The Pan America Highway, to the south of Quito, is progressively becoming along the entire center of Ecuador’s Andean Region, a fine backbone of eight-lanes, international-class motorway.  Chatting cheerfully away, Maria Paz, Andres and I see how the impressive row of volcanoes, rise like giant monuments, to both sides of the road.  Inevitably we think of Alexander Von Humboldt who, very graphically, called this part of Ecuador, “the Avenue of the Volcanoes”.  As we devour kilometers on a rather quiet early morning, the Pichincha, Atacazo, Corazon, Ilinizas, Quilotoa, Carihuarizo and Chimborazo volcanoes, some covered with a huge mantle of snows, startle us to our right.  But also to our left, there they stand, like disciplined soldiers, the Pasochoa, Sincholagua, Rumiñahi, Cotopaxi, Tungurahua and Altar Volcanoes,  What an amazing view….!!!

Andres proposes a short stop at his parents’ hometown, Latacunga, capital of the Province of  Cotopaxi, bearing the name of the majestic volcano that happens to be the highest active in the world, rising with its cover of glaciers and snows, well over 19.000 feet above sea level.  The stop has one sole purpose: to taste the most famous local dish of the city: “chugchucaras”, a platter of fried pork chunks, boiled hominy mixed with hard-roasted corn cornels, small slices of fried sweet plantain and a half-dozen small but truly delicious “empanadas” made of flour and sprinkled with white sugar.  A big downpour comes thundering from the skies all at a sudden, but it rapidly subsides and we can continue our southbound journey.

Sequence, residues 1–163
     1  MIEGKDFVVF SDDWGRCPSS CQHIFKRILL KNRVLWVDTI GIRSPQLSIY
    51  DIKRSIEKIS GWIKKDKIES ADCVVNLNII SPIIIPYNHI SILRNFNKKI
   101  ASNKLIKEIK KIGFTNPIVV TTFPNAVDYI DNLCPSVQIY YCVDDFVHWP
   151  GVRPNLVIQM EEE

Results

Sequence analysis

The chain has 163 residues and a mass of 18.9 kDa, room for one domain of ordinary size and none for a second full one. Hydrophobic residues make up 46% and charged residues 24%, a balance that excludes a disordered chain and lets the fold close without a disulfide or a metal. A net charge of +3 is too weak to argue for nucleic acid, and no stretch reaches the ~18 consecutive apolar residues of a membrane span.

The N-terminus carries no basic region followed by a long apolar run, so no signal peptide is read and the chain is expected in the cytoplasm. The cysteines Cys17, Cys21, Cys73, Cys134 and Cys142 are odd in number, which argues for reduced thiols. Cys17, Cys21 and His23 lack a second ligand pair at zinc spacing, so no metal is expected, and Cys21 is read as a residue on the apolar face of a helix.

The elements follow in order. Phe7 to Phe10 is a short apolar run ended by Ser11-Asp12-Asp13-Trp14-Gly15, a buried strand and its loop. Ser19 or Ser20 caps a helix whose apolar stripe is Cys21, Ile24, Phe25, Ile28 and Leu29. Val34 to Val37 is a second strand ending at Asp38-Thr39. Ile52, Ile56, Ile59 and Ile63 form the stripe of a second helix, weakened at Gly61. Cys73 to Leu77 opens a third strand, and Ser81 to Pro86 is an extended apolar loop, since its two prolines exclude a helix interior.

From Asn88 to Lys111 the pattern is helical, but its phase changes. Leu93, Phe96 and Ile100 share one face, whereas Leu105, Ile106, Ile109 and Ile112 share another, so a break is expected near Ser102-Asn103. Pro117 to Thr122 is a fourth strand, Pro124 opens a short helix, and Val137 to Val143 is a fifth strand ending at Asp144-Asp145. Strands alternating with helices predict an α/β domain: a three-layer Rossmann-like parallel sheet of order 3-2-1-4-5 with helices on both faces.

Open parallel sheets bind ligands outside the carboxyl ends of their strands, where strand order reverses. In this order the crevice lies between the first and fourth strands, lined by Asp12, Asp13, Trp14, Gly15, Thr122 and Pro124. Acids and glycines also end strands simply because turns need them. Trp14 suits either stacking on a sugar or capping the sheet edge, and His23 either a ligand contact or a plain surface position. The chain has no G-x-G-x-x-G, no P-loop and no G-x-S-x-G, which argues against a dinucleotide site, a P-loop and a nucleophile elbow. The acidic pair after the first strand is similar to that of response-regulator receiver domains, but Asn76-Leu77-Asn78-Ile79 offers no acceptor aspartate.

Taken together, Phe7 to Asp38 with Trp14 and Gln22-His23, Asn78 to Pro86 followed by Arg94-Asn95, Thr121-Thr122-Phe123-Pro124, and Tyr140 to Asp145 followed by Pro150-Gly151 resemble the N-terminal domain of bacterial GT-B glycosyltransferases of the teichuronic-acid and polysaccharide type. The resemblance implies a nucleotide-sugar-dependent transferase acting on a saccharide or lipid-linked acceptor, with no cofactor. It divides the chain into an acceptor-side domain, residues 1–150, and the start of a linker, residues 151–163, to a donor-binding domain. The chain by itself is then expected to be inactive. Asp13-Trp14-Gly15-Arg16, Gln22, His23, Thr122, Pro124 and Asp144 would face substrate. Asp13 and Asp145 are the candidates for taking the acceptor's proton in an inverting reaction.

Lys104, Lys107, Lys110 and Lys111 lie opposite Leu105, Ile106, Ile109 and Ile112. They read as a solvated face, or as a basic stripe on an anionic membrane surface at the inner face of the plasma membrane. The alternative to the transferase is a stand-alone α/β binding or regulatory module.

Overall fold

Next stop is the small but increasingly busy town of Salcedo, Ecuador’s “Ice-cream City”. Every block in town features no less than four or five ice-cream parlors.  The villagers have developed an ancestral way of making a type of ice-cream which, for conventional purposes, could be considered rather a type of sherbet.  The secret is the use of fresh fruit juices and a special preparation.  Of course, we cannot resist the temptation and we stop at one of the parlors, to savor three different kinds of ice-cream flavors, all simply delicious: “mora”, (a local type of blackberry); “guanabana” and “naranjilla”, two local exotic fruits from Ecuador’s subtropical valleys.  We continue on to our destination for the day, the antique church of Balbanera, Ecuador’s oldest catholic temple, built in the early 1500’s, right across from the picturesque and historical Colta Lake. But, before reaching it, we have a host of sights, scenes, villages, cities and towns to see and enjoy.

The road passes by the bustling city of Ambato, one of the country’s most important centers of commerce and industry.  From different angles as we circumvallate the city, we can see the impressive, perfect-shaped cone, of the Tungurahua Volcano, one which has been quite active, and continues to be, since ten years ago.  We were hoping for a plume of volcanic clouds or vapor to be rising from the summit but the volcano is quiet today. Now we climb to the highway’s highest point, at almost 12.000 feet above sea level. The location is perfect to watch, semi-hidden in the clouds, the immensity of the colossal Chimborazo Volcano, Ecuador’s highest mountain, which reaches 20.000 feet of elevation. Soon we are descending towards Riobamba, another provincial capital city and a history-rich town, located at the very center of Ecuador’s Andean Region.

It is noontime and we make yet one more “eating stop”, to enjoy Riobamba’s cuisine specialty: a platter of roasted pork, semi-soaked with “vinaigrette” made of onions, tomatoes and slightly hot chili.  The dish is complemented by two mashed-potato “tortillas”, (not the Mexican style or type), but rather patties, filled with cheese and garnished with salad and small sausage pieces. The very local banquet calls for the company of a refreshing cold Ecuadorian beer.

Fifteen more minutes separate us from Balbanera, Ecuador’s most ancient Catholic temple. The story will continue on the next issue.

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